Dropbox password scam shows up our sloppy infosec

The supposed Dropbox hack that's really a five-cent scam tells us something important: Information security shouldn't be here, and it's mostly the cloud providers' fault.

Dropbox, one of the world's best-known cloud storage providers, is the latest victim of a password brea ... Wait. No? No. No, it's not. Dropbox is fine for now. But it's time we had a serious talk about passwords, anyway.

Over the course of a couple of hours on Tuesday afternoon, Australian time, the breaking media story went from Dropbox having been "hacked" and 6,937,081 accounts claimed to have been compromised, to it looking more like someone was just trying to scam us.

Yes, hundreds of alleged Dropbox email addresses and plain-text passwords had been posted online.

Yes, there were people on Reddit claiming that the passwords worked.

Yes, these alleged Dropbox credentials were accompanied by a Bitcoin identifier and an appeal for money.

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"THE MORE BTC DONATED WILL REFLECT HOW MANY MORE LOGIN AND PASSWORDS ARE RELEASED PUBLIC," it grammared.

But no, there had not been a hack. At least not of Dropbox.

"Recent news articles claiming that Dropbox was hacked aren't true," the company said in a statement. "Your stuff is safe. The usernames and passwords referenced in these articles were stolen from unrelated services, not Dropbox. Attackers then used these stolen credentials to try to log in to sites across the internet, including Dropbox. We have measures in place, measures that detect suspicious login activity, and we automatically reset passwords when it happens."

So, someone was hoping for free Bitcoin on the the basis of bulldust. Nice.

Media players spread the warning of the potential password breach as quickly as they could — which is sensible — but it means that the debunking followed later, and with less impetus. That doubtless increased the likelihood of people falling for the scam. Indeed, at the time of writing, the scammers have already made 0.0001 BTC, or about five cents. Not quite enough to retire on yet, but watch this space.

Meanwhile, expect another round of news stories reminding people to choose strong passwords, and to turn on two-factor authentication (2FA). Both pieces of advice completely miss the point.

Was that a collective sharp intake of breath I just heard?

Yes, telling users to choose strong passwords and to turn on 2FA misses the point.

Apart from the minuscule minority who have the technical knowledge to make sound security decisions and to know what is and isn't a "good" password, users are at the mercy of the security systems they're given to work with. For the most part, they're rubbish. And for the most part, the advice we give them is also rubbish.

Diogo Mónica, who leads platform security at Square, explained part of the problem in a blog post on Saturday: Advice on how to choose a strong password is generally the wrong advice.

"I think the first step is to stop propagating the idea that there is a way of choosing memorisable passwords that will keep attackers at bay," Mónica wrote.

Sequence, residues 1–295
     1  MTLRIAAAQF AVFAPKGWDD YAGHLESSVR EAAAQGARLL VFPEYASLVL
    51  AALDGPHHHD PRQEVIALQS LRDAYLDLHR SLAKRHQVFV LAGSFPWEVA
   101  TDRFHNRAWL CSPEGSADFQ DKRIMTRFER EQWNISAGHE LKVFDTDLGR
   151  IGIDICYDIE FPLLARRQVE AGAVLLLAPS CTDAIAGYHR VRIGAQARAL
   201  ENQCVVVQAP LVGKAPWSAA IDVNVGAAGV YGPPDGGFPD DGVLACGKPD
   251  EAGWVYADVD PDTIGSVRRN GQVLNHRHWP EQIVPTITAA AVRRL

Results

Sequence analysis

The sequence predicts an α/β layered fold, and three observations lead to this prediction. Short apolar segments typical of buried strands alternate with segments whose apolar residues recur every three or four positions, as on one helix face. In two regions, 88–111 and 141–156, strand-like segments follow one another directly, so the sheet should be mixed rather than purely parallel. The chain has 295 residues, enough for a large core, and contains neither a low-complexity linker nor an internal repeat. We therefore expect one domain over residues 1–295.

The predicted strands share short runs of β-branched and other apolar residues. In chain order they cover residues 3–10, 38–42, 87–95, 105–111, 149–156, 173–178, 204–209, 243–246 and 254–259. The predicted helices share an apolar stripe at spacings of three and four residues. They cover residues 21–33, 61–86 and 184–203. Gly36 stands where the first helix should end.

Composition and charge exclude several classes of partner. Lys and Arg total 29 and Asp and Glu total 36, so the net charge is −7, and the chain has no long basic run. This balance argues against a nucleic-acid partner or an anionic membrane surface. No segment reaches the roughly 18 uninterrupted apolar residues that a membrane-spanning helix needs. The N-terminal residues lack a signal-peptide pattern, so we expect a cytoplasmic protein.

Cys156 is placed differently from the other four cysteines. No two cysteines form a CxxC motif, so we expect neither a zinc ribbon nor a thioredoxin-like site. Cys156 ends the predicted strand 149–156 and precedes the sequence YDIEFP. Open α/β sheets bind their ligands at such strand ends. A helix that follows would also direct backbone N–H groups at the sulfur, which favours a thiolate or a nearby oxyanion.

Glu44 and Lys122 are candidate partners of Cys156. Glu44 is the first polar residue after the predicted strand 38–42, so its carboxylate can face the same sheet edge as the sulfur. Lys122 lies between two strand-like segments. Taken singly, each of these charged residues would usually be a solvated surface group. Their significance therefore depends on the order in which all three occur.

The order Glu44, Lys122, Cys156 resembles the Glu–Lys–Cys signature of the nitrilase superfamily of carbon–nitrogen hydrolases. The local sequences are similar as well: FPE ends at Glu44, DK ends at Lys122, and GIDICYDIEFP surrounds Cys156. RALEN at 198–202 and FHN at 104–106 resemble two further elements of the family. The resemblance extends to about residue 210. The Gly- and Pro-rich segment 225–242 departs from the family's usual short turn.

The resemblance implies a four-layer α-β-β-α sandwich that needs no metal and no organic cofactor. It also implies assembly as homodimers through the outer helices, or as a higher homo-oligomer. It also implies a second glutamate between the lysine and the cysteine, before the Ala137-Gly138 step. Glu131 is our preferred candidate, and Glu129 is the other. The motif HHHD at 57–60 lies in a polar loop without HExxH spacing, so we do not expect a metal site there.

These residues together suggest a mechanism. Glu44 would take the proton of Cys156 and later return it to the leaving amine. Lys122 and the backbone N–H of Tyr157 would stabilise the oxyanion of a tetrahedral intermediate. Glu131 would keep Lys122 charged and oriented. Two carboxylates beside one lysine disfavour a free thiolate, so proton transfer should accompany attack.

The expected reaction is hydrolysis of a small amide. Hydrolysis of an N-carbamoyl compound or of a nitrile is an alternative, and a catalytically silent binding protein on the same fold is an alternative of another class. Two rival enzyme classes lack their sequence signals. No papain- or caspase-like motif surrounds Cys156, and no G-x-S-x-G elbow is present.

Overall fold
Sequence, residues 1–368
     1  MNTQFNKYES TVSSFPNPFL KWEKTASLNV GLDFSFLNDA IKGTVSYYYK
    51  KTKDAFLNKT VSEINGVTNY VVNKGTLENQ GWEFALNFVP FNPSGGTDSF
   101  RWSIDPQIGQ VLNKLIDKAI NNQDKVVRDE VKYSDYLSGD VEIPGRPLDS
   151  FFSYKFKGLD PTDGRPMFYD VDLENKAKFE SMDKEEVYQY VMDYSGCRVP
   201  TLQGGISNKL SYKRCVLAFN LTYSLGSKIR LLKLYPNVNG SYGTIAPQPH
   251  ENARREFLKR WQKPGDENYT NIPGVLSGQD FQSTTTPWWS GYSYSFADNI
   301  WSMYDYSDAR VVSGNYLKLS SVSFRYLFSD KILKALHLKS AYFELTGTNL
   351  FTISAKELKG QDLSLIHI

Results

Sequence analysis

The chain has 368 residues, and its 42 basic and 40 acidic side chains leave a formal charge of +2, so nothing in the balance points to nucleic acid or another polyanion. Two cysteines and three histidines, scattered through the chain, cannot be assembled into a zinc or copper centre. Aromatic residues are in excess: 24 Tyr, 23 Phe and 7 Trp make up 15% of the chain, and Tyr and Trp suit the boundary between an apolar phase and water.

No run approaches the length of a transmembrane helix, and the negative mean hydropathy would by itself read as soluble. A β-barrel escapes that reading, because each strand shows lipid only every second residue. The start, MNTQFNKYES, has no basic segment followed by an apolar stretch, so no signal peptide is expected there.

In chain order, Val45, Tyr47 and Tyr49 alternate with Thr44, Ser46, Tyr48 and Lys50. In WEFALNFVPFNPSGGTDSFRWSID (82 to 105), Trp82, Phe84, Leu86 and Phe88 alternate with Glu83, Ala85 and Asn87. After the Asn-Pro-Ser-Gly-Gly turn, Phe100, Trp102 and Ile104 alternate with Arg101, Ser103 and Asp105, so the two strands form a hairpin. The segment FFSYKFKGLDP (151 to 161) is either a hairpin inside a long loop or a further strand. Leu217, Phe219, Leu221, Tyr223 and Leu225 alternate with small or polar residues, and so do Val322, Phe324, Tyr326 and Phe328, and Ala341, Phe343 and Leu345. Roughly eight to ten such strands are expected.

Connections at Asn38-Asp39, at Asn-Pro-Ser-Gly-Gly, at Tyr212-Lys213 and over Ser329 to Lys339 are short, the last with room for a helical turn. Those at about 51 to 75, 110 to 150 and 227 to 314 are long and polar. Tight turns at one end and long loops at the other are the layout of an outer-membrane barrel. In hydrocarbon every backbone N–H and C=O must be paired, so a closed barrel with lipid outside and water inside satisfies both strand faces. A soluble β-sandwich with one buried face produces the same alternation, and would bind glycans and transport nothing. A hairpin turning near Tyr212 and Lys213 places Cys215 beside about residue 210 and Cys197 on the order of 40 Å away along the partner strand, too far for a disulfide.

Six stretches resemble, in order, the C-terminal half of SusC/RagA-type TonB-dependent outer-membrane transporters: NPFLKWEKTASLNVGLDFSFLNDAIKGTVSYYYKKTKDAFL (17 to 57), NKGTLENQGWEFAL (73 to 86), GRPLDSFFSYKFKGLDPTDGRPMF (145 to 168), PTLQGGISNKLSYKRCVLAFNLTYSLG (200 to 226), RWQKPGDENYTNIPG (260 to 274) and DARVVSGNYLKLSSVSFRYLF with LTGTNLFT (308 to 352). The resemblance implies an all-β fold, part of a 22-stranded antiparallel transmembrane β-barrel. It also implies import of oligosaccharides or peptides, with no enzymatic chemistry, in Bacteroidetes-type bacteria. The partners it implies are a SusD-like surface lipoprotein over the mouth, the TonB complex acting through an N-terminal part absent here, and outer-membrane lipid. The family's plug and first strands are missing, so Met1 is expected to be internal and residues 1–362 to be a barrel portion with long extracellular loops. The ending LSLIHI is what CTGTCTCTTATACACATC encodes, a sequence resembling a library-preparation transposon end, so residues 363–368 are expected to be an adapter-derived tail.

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"We should not be incentivising people to choose passwords in the first place. There are obviously a few situations where memorable passwords are a requirement" — such as a password manager's vault key, or your laptop's password — "but if you write an article about choosing passwords where password managers aren't mentioned even once, you're not helping anyone ... I have seen a lot of stupid password strength forms, but I have never seen one that tells the user generate and store the password in a password manager."

According to Mónica, our Attacker Model is wrong, too. It's time to forget about hashed passwords being brute-forced by a nation-state actor, backed up by hardware grunt — presumably, they've got us all anyway, and there are such things as rainbow tables — and concentrate instead on a password's resistance to a dictionary attack, backed up by the knowledge gained from all those leaks of large password data sets.

"Our focus should be on protecting passwords against informed statistical attacks and not brute-force attacks," Mónica wrote. "The most useful criterion on which to classify the strength of a candidate password is the frequency with which it has appeared in the past."

And that means a very different kind of password-creation form.

This is only half the problem, of course.

The real issue is that password-only authentication must die.

As the smart and glamorous @SwiftOnSecurity tweeted today: "As we move into a world where one compromise of converged cloud services betrays your entire life, 2FA is the only solution. It is required."

Exactly. So why is single-factor authentication even offered as an option in 2014?

The answer, as usual, is that online services are fearful of putting any hurdle, however minor, into the path of sucking ever more customers into their maw. That is to say, they're prioritising their own cancer-like growth rates over the safety of their customers, and they're not being called out on it by a tech press that, by and large, fetishises that growth.

In a world where 2FA tools like Google Authenticator, to mention just one, are free for the using, that's just plain wrong.

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